In remarks made before the Women in Housing and Finance, Thomas J. Curry, the Comptroller of the Currency, discussed developments in the enforcement of the foreclosure consent orders, which required that 97 separate corrective actions be taken by 14 of the largest servicers and the independent review of the mortgage servicers’ foreclosures begun or completed in 2009 and 2010. Mr. Curry noted that 93 percent of corrective actions, including employee training, establishing controls to prevent dual tracking, and improving communications with borrowers, had already been taken or "stood up." However, Mr. Curry acknowledged that similar progress had not been made with the Independent Foreclosure Review.
Mr. Curry noted that the IFR was designed to identify and compensate borrowers who suffered financial harm as a result of foreclosures that violated federal and state law. According to Mr. Curry, once it became clear that progress was slow, as evidenced by the $2 billion spent on the IFR by November 2012, without a single borrower being compensated, he, along with the FRB, determined to change course, resulting in modified consent orders that required $3.6 billion in direct payments to 4.2 million eligible borrowers and $5.7 billion in foreclosure prevention assistance. He noted that "the new approach will get more money to more people more quickly," with payouts expected to begin by the end of March. According to Mr. Curry, if the IFR continued, the process would have continued into 2014.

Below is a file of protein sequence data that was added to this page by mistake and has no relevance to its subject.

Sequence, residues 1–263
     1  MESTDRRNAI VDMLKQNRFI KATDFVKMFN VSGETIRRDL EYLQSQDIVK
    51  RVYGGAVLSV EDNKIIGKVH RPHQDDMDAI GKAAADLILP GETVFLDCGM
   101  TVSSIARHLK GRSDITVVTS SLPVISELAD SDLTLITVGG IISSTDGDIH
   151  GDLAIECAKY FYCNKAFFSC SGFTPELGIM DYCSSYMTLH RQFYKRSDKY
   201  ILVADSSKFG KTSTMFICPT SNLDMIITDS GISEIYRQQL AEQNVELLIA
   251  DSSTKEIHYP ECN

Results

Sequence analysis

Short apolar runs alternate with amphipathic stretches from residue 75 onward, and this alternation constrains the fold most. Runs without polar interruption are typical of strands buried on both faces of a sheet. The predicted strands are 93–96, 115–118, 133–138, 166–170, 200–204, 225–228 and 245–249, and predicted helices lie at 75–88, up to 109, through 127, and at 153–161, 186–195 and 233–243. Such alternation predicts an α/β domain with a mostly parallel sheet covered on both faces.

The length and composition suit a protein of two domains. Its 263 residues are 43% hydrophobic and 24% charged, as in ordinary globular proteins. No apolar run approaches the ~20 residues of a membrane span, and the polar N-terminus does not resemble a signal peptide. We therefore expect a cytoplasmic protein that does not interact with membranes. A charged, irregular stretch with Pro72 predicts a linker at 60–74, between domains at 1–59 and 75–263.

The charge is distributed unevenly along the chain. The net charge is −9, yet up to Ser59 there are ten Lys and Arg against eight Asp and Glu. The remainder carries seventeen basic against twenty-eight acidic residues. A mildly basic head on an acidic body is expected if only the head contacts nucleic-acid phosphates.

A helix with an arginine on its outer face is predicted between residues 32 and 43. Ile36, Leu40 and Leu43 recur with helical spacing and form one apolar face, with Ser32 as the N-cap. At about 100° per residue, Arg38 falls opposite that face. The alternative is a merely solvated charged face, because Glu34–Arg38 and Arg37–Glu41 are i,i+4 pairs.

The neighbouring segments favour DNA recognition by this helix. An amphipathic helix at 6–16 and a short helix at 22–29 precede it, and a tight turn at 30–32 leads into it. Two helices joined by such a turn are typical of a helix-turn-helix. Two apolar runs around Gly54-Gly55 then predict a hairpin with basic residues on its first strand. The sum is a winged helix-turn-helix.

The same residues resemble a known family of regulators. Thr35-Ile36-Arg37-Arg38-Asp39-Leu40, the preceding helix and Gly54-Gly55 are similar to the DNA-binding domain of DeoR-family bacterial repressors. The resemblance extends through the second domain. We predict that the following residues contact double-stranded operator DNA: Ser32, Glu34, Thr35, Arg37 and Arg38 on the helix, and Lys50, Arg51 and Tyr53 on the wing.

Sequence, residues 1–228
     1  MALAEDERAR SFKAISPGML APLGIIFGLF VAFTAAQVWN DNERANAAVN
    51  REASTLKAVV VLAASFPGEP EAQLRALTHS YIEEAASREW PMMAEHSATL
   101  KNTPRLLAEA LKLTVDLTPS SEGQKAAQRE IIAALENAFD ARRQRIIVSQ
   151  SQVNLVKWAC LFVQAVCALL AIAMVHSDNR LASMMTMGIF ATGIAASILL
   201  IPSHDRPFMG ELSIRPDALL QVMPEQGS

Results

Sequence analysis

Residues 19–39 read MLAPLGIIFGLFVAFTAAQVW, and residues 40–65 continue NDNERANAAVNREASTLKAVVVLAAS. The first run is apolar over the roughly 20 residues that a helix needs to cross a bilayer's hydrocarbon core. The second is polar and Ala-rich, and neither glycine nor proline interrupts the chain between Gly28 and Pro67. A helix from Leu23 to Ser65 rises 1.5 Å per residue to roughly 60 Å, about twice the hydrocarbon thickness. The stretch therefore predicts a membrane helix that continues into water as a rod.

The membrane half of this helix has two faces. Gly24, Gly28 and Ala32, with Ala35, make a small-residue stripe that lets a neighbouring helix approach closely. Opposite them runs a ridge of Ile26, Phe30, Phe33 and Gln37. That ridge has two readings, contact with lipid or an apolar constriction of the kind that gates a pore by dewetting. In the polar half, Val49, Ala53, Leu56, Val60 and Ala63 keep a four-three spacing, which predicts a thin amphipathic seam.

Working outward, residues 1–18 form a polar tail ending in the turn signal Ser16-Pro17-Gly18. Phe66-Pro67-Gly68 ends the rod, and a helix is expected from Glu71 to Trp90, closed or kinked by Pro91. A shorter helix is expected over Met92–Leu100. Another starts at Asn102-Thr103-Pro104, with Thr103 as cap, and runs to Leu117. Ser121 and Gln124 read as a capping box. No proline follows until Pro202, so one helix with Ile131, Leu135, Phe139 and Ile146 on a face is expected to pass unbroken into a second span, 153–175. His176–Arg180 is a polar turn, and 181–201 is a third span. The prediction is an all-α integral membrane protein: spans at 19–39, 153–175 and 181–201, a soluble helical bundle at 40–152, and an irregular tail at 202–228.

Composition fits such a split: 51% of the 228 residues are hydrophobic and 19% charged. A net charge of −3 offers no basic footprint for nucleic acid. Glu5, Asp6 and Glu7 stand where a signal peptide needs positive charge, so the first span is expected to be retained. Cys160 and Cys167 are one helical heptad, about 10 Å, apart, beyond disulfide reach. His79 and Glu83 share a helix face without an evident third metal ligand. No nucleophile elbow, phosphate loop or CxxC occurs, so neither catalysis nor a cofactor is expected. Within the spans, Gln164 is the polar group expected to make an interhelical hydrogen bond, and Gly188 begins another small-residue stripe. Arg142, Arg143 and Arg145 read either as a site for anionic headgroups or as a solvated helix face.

In discussing the amended consent orders, Mr. Curry noted that the $5.7 billion amount should be viewed along with the remainder of the consent orders, which address foreclosure prevention and loss mitigation activities. Mr. Curry also noted that the deficiencies in foreclosure practices served as justification for the new compensation approach, which has some concerned that compensation will go to borrowers that suffered no harm. Mr. Curry also stated that the amended consent orders are being finalized and will be made public soon.